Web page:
Identification of the biomechanical performance determining factors of the 5 iron golf swing when hitting for maximum distance
Healy, Aoife (2009) Identification of the biomechanical performance determining factors of the 5 iron golf swing when hitting for maximum distance. Master of Science thesis, Dublin City University.
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Golf is a very popular sport with approximately 289,120 people playing golf in Ireland(European Golf Association, 2008). The amount of scientific research that has been conducted into the biomechanics of the golfer and club is limited, with the majority of the research focusing on the golf drive. The purpose of this study was to identify the
biomechanical performance determining factors of the 5-iron golf swing when hitting for maximum distance. Golfer joint kinematics, club swing characteristics and weight transfer data were obtained from thirty male golfers. This data was collected using a twelve camera (250 Hz) motion analysis system (Vicon, Oxford Metrics, UK), Pro V Swing Analyser (Golftek, USA) and a pressure plate (100 Hz) (RSscan Lab Ltd., UK). Participants were divided into two groups, based on their ball launch speed (high vs. low). Those in the high ball speed group were deemed to be the more skillful group. Statistical analysis was used to identify the variables which differed significantly between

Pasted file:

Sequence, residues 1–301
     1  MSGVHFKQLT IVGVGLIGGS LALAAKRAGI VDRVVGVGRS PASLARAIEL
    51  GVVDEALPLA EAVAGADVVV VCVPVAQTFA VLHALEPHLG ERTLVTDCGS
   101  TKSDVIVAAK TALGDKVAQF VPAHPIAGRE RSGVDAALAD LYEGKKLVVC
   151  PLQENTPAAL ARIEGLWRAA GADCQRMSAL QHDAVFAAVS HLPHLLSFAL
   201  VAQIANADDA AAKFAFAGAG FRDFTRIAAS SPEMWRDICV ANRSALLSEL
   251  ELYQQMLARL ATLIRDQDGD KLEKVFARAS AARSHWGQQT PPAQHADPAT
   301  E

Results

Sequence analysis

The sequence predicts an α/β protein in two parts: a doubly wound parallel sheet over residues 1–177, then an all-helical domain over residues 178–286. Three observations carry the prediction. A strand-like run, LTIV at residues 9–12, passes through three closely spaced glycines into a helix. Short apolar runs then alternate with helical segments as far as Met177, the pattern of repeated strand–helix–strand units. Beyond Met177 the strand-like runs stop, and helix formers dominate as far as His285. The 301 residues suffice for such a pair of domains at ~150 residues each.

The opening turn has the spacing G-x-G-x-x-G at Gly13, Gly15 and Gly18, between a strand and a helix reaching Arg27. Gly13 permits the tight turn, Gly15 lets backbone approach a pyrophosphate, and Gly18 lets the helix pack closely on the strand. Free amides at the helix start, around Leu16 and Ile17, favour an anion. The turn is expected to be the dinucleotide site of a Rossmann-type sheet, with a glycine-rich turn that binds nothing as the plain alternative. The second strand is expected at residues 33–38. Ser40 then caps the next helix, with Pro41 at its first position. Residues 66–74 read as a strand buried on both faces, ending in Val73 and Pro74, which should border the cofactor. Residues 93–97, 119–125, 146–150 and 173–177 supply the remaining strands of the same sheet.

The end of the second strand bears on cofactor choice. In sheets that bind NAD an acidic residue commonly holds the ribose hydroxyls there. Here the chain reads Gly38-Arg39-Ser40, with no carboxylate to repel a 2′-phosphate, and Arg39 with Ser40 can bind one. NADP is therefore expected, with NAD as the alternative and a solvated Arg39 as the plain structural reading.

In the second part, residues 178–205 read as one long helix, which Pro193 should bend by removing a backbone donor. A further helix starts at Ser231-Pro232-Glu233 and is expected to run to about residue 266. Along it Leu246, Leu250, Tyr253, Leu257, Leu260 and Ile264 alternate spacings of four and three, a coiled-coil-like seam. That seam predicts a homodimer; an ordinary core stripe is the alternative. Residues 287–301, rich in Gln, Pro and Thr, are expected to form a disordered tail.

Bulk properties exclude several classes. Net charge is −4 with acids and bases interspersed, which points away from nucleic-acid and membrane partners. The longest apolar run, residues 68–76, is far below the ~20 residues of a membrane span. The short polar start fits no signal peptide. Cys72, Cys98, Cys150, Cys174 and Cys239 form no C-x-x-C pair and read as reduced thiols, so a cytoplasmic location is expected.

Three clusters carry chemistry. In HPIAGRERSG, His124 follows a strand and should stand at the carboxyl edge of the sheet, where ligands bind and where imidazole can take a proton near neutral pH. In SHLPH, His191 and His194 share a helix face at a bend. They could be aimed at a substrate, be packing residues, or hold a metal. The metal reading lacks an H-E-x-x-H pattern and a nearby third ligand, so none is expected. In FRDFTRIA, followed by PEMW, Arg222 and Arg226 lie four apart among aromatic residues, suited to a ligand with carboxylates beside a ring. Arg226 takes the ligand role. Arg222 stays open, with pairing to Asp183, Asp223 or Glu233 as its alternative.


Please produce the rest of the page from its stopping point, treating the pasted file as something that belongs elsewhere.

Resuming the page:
the two groups, and could therefore be classified as the performance determining factors. Eight key events were identified during the swing for analysis (take away, mid
backswing, late backswing, top of backswing, early downswing, mid downswing, ball contact and mid follow through).
Significant differences were found between the two groups for club speed, club impact point, the majority of the measured joint angles and angular velocities (X Factor, shoulder, elbow, wrist, hip and knee) and weight transfer at
a number of the key events. Two mechanisms are proposed to explain the greater generation of ball speed in the high ball speed group and these are discussed in relation to the results for the individual joint kinematics.
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